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Car of the Month

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Car of the Month - February 2018
Rolls-Royce Phantom III, 1937, #3BU6
Touring Limousine by Park Ward


Rolls-Royce Phantom III

Ahis Rolls-Royce Phantom III was registered in January 1937. The manufacturer had delivered the ‘rolling chassis’ to the coachbuilder during the last quarter of 1936. This car is an early one from from the chassis-series B, of which in 1936 at the Derby factory were made number #3BU2 thru #3BU200 (even number only) and then in 1936/37 number #3BT1 thru #3BT301 (odd numbers only, excluding 13 and 113).

Rolls-Royce Phantom III

The body was built by Park Ward. The coachbuilder's factory documents listed for their Touring Limousine the Body-No. 4248. Park Ward enjoyed a very fine reputation and it is fact that Rolls-Royce – not least on advice by the legendary chief engineer Sir Frederic Henry Royce – had invested in purchasing a share in this company (towards the end of the 30ies a complete take-over was final result). Against the background of the motor manufacturer thus having done a first step to what might be considered establishing an "in house" coachbuilder it simply seems opportune that a fair number of Experimental Cars got coachwork by Park Ward. These Experimental Cars were the prototypes of the new model which in demanding tests were stressed to the limit and thus did help to iron out any problems before the model was launched in 1936.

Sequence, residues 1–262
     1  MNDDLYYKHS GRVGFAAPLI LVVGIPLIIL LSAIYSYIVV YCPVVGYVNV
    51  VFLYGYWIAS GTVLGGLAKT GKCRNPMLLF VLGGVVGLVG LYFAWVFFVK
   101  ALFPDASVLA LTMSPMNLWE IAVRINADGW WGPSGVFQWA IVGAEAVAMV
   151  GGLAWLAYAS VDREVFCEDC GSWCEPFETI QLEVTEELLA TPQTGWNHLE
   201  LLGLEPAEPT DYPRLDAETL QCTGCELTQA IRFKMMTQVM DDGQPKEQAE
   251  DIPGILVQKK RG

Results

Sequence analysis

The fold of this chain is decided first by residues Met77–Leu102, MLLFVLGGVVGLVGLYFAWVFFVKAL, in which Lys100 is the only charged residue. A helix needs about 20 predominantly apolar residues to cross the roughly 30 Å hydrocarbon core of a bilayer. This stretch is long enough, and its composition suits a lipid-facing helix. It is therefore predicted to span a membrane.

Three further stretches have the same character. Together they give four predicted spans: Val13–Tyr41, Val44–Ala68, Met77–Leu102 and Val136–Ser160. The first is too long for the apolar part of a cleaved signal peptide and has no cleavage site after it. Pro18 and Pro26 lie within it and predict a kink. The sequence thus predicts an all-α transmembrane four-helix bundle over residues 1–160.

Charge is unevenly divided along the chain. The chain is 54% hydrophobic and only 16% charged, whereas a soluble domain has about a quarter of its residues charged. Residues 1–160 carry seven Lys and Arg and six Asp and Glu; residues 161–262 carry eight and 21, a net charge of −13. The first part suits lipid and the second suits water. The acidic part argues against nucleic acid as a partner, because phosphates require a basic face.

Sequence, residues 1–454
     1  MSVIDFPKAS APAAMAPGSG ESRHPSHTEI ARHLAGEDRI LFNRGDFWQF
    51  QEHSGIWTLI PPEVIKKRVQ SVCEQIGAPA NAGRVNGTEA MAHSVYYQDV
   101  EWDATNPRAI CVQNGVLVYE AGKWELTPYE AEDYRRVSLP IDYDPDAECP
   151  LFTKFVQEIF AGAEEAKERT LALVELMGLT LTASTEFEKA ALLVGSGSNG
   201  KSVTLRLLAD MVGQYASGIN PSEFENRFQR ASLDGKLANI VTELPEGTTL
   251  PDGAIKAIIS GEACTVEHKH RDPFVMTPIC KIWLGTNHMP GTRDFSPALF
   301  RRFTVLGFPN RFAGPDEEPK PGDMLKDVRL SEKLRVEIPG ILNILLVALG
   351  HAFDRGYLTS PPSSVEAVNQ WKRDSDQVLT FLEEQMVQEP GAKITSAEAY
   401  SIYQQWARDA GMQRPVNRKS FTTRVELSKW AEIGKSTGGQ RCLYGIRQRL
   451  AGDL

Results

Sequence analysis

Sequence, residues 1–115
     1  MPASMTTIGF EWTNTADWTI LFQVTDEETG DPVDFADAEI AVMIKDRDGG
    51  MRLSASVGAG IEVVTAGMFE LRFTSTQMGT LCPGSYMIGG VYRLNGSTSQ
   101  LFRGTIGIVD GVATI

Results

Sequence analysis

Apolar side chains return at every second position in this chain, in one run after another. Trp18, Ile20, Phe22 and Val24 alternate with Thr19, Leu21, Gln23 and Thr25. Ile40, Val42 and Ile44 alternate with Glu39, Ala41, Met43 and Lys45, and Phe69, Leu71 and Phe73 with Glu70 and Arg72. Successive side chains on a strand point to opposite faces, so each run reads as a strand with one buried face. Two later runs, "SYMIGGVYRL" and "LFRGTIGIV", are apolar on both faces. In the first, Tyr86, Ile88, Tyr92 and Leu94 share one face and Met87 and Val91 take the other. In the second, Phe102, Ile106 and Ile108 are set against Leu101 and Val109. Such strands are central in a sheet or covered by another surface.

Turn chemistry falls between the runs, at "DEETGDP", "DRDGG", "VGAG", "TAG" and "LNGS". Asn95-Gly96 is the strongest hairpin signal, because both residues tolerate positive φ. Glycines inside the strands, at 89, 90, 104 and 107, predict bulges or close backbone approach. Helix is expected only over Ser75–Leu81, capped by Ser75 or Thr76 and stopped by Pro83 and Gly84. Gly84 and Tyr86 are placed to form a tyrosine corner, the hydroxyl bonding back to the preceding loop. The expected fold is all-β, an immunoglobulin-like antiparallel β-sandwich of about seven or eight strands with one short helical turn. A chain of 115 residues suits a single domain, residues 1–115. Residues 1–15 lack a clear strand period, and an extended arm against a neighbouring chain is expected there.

Rolls-Royce Phantom III

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If the Experimental Car with chassis number #37EX is compared to #3BU6 even at a quick glance similarities are obvious; certain details are almost identical. It isn’t too much of a risk to say that #3BU6 is a variant up-graded by a more spacious boot and a remarkably high degree of luxury. That can be concluded from the chrome waist band (beneath the side windows) and from the bonnet sporting manually adjustable air-flaps instead of simple louvres. Delicately executed rear quarter lights are worth a note and, of course, that bumpers were fitted front and rear. 

Rolls-Royce Phantom III - Mascot

Any purist complains that a mascot in Gold was an exaggeration as regards luxury would be entirely incorrect though. When in 1920 in Paris a competition had been held to select the most attractive mascot in the world, the British motor car manufacturer had entered their Spirit of Ecstasy. One made in gold and that one had been awarded the 1st Prize. Henceforth it remained standard at Rolls-Royce to offer "ex factory" the mascot in Gold as an alternative - and to charge a significant extra amount on such luxury.

Rolls-Royce Phantom III